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The expansion of renewable energies in Germany

Where does Germany stand in the Energy Transition? We answer six questions ranging from the key goals to how consumers can contribute. 

VerenaKernVerena Kern, 24.03.2023
There were about 30,000 wind turbines in Germany in 2021.
There were about 30,000 wind turbines in Germany in 2021. © pixardi/

What is meant by the Energy Transition?

The term Energy Transition was originally coined more than 40 years ago, when scientists originally drafted the vision of a sustainable supply of energy: oil, coal, natural gas and nuclear energy are to be replaced with renewable energies such as wind power and photovoltaics, as well as hydroelectric power, biomass and geothermal energy. Germany has been promoting the expansion of renewables for at least 20 years – for ecological, economic and democratic reasons. The Energy Transition not only provides climate-neutral energy, thereby contributing to climate protection. It also reduces dependence on expensive energy imports, increases value creation at home and enables citizens to participate in the production of energy. When it was originally coined, as today, the term “Energy Transition” did not only include the construction of new wind turbines and solar plants. A sustainable approach to energy is also an essential component of this vision.

What support does renewable energy receive in Germany?

As early as 1990, Germany passed the world’s first so-called green electricity feed-in law, albeit with a relatively modest remuneration. This changed ten years later with the Renewable Energy Sources Act (EEG). This introduced higher subsidy rates and better terms and conditions in the electricity market. For many citizens – and for many companies, too – it was now attractive to invest in wind turbines and photovoltaic systems. Expansion accelerated, with prices falling rapidly as a result: renewables became competitive. The subsidy rates were lowered several times and finally an auction model was introduced so as to achieve the most favourable prices possible. At the beginning of 2023, the subsidy for onshore wind power was only a good seven cents per kilowatt hour; for rooftop solar systems it was around eleven cents. Many operators now even do without subsidies entirely, financing their operations directly through the electricity market.

Where does Germany stand in terms of the expansion of renewable energies?

An ever larger share of German electricity consumption is covered by renewable energies. The figure for 2022 was at least 46 percent – a new record. But the Energy Transition not only concerns the electricity supply. It includes all areas in which energy is used – i.e. mobility and the heating of buildings as well, though other terms such as transport turnaround and heat turnaround have become established, too. There is still room for improvement here.

80 percent green power by 2030 – can Germany do it?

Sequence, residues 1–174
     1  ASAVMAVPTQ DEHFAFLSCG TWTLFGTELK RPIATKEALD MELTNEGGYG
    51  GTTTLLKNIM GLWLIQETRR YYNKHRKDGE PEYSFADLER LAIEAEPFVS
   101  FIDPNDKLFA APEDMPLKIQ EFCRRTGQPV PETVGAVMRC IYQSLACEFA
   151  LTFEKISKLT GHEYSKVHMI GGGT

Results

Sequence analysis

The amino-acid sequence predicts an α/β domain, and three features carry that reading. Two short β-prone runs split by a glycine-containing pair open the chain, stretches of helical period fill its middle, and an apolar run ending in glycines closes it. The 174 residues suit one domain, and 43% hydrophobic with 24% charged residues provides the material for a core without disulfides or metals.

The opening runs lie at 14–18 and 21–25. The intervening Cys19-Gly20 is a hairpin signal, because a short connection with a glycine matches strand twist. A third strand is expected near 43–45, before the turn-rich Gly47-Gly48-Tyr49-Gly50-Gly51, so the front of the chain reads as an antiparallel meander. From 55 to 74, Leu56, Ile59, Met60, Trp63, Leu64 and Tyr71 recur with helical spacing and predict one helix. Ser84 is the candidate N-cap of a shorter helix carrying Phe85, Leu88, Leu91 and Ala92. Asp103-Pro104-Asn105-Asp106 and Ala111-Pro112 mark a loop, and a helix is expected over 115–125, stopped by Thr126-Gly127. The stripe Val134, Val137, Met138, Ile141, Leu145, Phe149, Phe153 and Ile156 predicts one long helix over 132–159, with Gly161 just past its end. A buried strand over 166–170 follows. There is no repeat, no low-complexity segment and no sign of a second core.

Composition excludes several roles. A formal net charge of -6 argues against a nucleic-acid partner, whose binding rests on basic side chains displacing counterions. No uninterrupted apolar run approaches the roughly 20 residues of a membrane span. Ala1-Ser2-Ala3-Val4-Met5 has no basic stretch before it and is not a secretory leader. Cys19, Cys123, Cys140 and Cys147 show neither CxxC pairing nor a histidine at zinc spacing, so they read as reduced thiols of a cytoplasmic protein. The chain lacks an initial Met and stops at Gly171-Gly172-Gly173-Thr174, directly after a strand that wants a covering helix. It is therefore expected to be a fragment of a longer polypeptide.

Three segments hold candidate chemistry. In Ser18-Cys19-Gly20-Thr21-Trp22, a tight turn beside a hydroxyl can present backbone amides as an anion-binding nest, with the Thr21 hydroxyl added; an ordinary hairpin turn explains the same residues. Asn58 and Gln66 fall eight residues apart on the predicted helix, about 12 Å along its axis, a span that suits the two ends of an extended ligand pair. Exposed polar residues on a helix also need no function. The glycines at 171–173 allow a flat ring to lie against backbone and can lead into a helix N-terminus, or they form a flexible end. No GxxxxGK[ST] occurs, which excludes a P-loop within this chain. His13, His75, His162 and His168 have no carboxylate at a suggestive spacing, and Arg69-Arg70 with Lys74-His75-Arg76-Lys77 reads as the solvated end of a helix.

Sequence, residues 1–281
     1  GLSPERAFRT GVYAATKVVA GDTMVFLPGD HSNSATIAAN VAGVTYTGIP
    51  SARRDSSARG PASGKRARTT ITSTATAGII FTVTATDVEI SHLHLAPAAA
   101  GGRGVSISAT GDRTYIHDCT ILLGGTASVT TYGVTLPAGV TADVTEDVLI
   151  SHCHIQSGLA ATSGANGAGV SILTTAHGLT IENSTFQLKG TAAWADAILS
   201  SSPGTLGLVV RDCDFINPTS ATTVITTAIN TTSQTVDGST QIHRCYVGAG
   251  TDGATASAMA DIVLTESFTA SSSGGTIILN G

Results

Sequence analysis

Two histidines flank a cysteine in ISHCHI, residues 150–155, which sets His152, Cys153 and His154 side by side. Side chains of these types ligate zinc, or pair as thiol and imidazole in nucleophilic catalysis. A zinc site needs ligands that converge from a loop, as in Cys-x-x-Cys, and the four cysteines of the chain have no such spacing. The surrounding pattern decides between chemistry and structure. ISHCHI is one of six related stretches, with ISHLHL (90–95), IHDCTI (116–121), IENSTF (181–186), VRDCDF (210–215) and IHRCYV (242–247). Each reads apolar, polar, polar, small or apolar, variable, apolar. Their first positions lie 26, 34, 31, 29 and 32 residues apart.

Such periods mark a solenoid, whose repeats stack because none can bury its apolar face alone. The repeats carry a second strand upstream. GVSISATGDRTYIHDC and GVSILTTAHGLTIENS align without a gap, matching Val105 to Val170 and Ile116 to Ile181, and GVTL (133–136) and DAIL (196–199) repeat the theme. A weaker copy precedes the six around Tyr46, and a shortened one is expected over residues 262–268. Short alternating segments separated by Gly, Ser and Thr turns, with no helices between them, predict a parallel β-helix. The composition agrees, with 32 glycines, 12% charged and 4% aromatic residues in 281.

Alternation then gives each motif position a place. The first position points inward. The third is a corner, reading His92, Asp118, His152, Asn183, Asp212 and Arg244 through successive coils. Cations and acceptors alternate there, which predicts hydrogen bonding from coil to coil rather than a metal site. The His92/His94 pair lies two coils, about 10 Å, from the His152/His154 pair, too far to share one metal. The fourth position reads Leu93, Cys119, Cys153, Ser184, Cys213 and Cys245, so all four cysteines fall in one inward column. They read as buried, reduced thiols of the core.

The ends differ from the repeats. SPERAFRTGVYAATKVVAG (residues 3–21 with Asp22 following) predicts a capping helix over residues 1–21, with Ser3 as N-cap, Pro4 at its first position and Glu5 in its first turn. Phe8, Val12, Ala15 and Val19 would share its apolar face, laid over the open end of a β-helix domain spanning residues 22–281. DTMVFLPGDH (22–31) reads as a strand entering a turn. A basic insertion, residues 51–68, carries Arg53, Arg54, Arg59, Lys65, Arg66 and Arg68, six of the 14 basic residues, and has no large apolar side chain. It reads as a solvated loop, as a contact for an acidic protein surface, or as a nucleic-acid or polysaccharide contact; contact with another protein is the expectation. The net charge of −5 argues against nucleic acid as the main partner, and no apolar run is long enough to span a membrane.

Germany is on the right track when it comes to green power. The share of renewable energies in the electricity mix is already 46 percent, and the aim is to reach at least 80 percent by 2030. The Federal Government raised the target level in 2022 in order to meet the targets of the Paris Agreement. 65 percent was originally planned. The aim is to have converted the entire electricity system by 2035. This is feasible, but it requires things to happen much faster than is currently the case. For example, solar energy has to be added three times faster, offshore wind as much as ten times faster. But acceleration is needed at all levels – also in terms of the production of systems, the completion of approval procedures and the expansion of electricity grids. New laws have been passed to ensure this happens.

The increasing demand for electricity has also been taken into account. After all, when millions of e-cars are on the road, heat pumps have replaced old boilers and a lot of industrial processes have been electrified too, the demand for electricity is expected to increase by a third by the end of the decade. This is why the economical use of energy is a central pillar of the Energy Transition. As a rule of thumb: the less energy is consumed, the easier it will be to meet the climate targets.

How can electricity from renewable energy be stored?

A variety of storage technologies have long been available and have already been tested. In a completely renewable energy system, these ensure a secure supply during the night-time or when there is no wind, or if both these things occur at the same time and there is a sunless period of calm that lasts for days. Experts recommend an intelligent combination of different storage solutions: solar plants with battery storage, hydrogen storage, pumped storage plants, heat storage and smart grids that are able tap into e-car batteries, too. How many storage facilities will be needed in the future depends on how many wind turbines and solar plants are built – and also where. Less storage is needed in regions with a lot of wind power, while more is needed where solar plants dominate. The fundamental rule is: the less storage, the better. This is because these technologies are still expensive and a lot of energy is lost in the conversion process.

How can consumers contribute to the Energy Transition?

A lot. The most important thing is to save energy – in the use of both electrical appliances and heating. It also helps to leave the car at home and go on your bike instead, for example. Anyone who is able to have their own solar system installed on the roof or attach one to the balcony. Other tips: switch to green electricity or get involved in a citizens’ energy association that promotes renewable energies.